17 Nov, 2009
Top Tips from ‘The Confidence Coach’
Posted by: The Coaching Academy In: Coaching Articles
I firmly believe that you have to take action if you want to improve your confidence and self belief. Just talking about it isn’t enough. I have worked with clients who use affirmations over and over again and then get despondent, because there is no lasting change and when I ask them, ”
People with poor confidence may attribute it to the build up of past negative experiences in life and find their inner voice constantly criticising, punishing and belittling every task or accomplishment they attempt. Whereas people with healthy confidence have an inner voice that conveys positive and reassuring messages, even when things go wrong. These people choose to learn from their mistakes and use them to grow. Someone with low confidence may use the failures to beat themselves up with. In order to move forward, the client with low self-esteem or confidence needs to believe that he or she can change it.
As coaches, we do a wonderful job supporting our clients’ belief that they can change. We, and they, may be aware that change doesn’t always happen quickly or easily, but armed with the tools and strategies that coaching provides, the desire to change through taking consistent and regular action, a client can start to transform their beliefs about themselves.
So how can we help our clients suffering with confidence issues?
I would like to suggest three steps, which I have used to great effect with clients.
Step 1: Challenge the Inner Voice
The first step is to start to challenge all those negative messages of the inner voice. For example, after being turned down for a date a person may feel rejected, embarrassed or humiliated. They tell themselves they are unattractive and that nobody will ever like or care about them, and that they will always be alone. To counteract those negative inner messages, a person could choose to reframe saying for example: “Never mind. It’s his or her loss that s/he doesn’t want to go out with me. I know I’m an attractive and good person. I will find someone else”. Help clients to catch themselves being negative and then practise reframing the problem.
When working with clients on their limiting beliefs, one exercise I might use is to get them to write down any negative inner thoughts around a goal or topic, and then write down their reframe to counteract them. For some individuals, this simple step, can work wonders at re-programming the mind to think more positively, for others it is a great first step even though they will require other interventions to support their change. Try it!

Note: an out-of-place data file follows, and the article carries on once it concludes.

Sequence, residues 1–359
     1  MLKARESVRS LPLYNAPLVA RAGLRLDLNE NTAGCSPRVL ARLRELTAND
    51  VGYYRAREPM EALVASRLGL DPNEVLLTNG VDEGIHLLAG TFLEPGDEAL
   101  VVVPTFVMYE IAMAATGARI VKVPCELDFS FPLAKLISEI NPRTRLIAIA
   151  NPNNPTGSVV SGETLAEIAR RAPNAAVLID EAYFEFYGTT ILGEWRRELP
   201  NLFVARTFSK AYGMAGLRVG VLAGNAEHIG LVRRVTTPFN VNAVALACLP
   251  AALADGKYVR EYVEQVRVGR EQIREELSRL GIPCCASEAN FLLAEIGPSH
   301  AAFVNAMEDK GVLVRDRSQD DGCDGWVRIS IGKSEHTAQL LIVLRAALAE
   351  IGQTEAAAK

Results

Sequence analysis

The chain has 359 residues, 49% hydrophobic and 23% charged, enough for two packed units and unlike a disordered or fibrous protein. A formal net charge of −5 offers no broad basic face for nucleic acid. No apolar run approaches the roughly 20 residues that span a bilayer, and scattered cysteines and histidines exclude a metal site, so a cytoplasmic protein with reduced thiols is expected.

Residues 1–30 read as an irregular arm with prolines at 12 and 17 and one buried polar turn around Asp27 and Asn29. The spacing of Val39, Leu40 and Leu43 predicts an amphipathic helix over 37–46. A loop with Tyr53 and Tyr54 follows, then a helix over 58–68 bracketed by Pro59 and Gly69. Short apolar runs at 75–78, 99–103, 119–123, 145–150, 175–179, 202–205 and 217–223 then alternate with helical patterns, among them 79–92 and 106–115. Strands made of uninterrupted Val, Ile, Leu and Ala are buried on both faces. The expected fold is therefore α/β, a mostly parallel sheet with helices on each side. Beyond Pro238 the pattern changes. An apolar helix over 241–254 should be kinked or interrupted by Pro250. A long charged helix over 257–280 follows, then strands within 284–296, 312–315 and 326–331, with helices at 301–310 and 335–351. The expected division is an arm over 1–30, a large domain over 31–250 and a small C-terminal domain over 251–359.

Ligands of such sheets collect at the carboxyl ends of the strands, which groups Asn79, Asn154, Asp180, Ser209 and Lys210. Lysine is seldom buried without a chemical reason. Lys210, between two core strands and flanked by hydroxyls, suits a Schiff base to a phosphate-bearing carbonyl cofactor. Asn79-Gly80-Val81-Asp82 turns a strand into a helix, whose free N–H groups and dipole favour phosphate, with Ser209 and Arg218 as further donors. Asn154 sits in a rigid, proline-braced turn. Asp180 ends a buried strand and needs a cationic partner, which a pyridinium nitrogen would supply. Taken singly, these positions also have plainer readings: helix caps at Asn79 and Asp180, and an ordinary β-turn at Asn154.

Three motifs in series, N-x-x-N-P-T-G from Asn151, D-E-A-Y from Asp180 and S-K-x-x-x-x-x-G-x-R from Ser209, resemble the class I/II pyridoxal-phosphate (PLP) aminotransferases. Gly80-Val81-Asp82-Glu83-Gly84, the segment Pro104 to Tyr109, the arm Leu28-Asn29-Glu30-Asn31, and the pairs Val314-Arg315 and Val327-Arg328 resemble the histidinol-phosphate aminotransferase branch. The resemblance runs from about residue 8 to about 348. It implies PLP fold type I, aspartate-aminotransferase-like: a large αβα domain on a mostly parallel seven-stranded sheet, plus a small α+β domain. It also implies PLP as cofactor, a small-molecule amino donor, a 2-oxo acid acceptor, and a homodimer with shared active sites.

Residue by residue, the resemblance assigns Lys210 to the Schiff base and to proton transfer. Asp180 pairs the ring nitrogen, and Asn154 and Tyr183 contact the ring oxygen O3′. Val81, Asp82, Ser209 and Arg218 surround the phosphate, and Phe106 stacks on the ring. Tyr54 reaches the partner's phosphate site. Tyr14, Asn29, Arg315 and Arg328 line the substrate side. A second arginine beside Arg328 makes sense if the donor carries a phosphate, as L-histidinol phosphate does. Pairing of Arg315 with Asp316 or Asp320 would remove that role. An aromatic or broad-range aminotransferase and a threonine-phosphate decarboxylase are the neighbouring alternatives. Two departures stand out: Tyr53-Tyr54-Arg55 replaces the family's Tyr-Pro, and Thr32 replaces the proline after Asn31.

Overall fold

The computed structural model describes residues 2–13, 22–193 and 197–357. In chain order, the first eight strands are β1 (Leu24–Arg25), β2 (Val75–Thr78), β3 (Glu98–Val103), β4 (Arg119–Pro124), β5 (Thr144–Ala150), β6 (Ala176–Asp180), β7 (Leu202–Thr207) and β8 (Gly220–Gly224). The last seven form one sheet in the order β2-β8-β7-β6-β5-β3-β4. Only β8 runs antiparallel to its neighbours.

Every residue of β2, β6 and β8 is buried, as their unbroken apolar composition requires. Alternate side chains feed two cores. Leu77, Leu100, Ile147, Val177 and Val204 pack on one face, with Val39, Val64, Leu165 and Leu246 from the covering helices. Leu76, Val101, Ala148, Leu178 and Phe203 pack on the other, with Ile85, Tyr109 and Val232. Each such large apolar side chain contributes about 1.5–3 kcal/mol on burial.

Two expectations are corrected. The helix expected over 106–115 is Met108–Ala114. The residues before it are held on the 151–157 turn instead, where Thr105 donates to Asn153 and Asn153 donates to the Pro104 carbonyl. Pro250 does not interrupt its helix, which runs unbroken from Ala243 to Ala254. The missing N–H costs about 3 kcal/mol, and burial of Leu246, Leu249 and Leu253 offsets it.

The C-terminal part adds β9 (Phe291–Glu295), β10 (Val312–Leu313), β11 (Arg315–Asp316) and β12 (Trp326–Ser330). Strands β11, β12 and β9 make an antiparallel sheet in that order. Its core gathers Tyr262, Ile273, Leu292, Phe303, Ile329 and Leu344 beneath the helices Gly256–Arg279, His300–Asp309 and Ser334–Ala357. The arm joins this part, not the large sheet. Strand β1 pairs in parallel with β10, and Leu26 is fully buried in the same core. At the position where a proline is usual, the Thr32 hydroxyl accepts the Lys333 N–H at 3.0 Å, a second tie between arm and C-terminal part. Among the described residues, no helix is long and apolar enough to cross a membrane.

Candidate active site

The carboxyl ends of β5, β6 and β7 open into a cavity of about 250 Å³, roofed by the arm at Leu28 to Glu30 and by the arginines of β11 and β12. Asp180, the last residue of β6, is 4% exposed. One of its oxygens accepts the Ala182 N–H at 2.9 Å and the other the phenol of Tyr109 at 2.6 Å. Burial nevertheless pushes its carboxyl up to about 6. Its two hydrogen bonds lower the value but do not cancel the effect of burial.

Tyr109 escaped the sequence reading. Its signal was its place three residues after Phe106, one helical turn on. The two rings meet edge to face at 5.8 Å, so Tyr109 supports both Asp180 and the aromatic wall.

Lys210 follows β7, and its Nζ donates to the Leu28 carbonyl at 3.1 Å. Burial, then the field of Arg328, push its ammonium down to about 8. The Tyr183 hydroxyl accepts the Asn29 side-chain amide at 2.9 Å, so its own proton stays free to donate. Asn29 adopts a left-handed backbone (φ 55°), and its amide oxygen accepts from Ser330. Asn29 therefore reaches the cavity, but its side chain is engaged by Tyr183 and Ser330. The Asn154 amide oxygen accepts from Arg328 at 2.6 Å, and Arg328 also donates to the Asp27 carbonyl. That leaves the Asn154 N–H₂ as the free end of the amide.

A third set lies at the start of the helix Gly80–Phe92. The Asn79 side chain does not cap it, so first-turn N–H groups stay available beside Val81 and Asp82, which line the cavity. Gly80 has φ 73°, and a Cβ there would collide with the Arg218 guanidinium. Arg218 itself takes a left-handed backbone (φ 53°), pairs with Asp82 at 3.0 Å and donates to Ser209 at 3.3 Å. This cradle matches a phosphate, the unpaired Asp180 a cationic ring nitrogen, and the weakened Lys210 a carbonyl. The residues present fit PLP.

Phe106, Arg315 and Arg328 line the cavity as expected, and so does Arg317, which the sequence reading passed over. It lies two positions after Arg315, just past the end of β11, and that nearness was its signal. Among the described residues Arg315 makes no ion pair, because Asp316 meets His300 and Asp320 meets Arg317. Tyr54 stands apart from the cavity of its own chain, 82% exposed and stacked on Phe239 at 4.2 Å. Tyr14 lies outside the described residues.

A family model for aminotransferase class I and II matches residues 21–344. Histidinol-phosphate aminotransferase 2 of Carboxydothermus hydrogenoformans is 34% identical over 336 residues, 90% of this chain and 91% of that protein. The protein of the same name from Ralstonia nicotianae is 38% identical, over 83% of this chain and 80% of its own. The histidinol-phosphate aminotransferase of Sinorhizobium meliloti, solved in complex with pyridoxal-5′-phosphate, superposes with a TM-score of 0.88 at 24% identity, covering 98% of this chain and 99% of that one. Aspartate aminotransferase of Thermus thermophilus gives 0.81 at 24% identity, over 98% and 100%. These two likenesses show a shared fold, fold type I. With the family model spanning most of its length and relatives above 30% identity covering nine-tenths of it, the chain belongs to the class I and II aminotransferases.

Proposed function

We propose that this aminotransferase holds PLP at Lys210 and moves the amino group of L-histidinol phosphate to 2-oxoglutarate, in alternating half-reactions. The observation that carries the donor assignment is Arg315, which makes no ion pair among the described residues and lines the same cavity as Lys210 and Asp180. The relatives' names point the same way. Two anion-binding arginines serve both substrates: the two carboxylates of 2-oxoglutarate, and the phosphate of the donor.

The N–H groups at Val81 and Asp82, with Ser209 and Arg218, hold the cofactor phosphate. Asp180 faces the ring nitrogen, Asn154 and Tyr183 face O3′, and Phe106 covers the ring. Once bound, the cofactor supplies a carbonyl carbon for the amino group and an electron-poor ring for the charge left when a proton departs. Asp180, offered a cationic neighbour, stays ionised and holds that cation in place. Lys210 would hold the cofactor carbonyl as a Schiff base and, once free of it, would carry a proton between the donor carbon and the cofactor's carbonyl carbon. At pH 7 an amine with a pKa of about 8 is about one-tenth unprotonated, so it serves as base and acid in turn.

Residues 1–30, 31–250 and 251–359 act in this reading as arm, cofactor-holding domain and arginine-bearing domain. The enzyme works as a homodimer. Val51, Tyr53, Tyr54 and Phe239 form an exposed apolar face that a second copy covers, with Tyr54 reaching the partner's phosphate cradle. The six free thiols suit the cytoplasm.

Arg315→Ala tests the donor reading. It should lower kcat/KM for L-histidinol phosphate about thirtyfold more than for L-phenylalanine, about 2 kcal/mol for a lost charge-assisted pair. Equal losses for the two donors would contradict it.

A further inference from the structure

Remember, you have to do something well to feel good about yourself. On my upcoming CD set – Breaking through Limiting Beliefs, there are two new exciting and different exercises that are particularly good for helping challenge limiting mind chatter as well as dealing with emotions such as embarrassment and rejection.
Step 2: Practice Self-Like
Depending on how your client responds to this, as a homework exercise, get them to write down 50 things they like about themselves between now and the next session – they may need some support with this from friends and family. If 50 really is too overwhelming for them, start them off listing 25. It can be absolutely anything, from shape of their fingernails to the c
olour of their eyes. Whatever figure you start with, when they have done it, encourage them to add at least one new thing they like about themselves EVERY day. Do this for a month and see how it helps them to build up good feelings about themselves.
Some coaches encourage their clients to keep a Personal Success Journal which highlights all the successes, achievements and positive things they have ever done in their lives – however small. Included in this, could be reminders of accomplishments such as certificates and positive letters they have received in the past. The great thing about this exercise is if they start to doubt themselves, they can go look at all their good points!. Clients have told me this simple exercise has really helped them take steps towards good self belief and greater confidence.
Step 3: Enlist the Support of Others
For some it can be very difficult to improve self-esteem or confidence without help from others, but this can be the most difficult step. People with low confidence or poor self image often won’t ask for help because they don’t think they deserve it. Here are some simple things to try out:
Ask really trusted friends to tell you what you do well and get them to write it down
Ask them to tell you 5 things they like about you, again get them to write it down
Find a friend (or a coach) who will listen to you – without trying to fix things for you
Ask friends and family for more hugs (it’s reported we need 15 a day for good health!)
Remind those who love you to keep telling you that they do (tell them too!)
Look to pay other people genuine compliments – and if they pay them back….. just say Thank You!
Finally, I would encourage a client with low confidence to spend 5 minutes every day, sitting quietly, visualising and talking through how a life of peace, happiness and great confidence would feel to them. This is very powerful. Then…. commit to 3 actions to start to make it happen. On the CD’s there is a great visualisation that supports clients in shaking up their limiting beliefs about themselves, so they can start to take new actions.
Remember, in order to improve you confidence you have to be willing to try something new or different, even small things count, notice your progress and then start feeling good about yourself!
For more information about Pam’s CD and DVD e-mail The Coaching Academy at email@example.com